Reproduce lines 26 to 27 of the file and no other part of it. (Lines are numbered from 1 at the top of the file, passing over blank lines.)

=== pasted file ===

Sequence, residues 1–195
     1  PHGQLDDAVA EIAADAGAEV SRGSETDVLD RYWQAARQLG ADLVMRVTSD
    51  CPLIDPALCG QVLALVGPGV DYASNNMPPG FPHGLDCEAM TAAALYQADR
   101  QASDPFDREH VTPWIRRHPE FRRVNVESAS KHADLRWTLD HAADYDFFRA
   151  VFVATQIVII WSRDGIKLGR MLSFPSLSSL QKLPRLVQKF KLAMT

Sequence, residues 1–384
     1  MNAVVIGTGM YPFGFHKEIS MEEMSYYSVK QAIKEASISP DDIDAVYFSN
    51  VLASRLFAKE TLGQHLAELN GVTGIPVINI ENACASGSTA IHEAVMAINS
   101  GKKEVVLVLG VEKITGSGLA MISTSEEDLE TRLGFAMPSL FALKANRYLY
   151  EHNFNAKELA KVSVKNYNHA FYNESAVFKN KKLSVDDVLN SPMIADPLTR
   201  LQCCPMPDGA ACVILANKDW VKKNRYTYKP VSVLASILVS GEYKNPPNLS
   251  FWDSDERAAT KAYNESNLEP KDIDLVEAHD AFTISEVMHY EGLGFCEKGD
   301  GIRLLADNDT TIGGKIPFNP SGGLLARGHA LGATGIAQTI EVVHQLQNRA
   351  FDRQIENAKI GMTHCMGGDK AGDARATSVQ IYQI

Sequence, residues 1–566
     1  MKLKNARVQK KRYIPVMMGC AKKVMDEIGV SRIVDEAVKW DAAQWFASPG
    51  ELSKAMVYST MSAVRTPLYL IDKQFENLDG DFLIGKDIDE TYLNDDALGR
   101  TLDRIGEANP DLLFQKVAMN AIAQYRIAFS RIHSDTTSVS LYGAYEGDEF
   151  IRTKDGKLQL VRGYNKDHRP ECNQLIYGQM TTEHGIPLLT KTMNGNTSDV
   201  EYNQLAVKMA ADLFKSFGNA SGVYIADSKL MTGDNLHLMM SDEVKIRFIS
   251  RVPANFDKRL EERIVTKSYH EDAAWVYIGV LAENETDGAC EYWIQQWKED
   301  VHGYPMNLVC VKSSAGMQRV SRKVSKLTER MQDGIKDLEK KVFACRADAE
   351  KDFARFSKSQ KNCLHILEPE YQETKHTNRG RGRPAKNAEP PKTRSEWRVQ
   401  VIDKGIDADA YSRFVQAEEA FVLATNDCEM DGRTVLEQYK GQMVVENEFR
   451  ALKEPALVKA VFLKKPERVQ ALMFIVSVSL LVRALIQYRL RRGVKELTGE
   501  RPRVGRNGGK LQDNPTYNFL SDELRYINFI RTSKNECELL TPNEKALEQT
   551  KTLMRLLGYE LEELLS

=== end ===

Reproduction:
   501  RPRVGRNGGK LQDNPTYNFL SDELRYINFI RTSKNECELL TPNEKALEQT
   551  KTLMRLLGYE LEELLS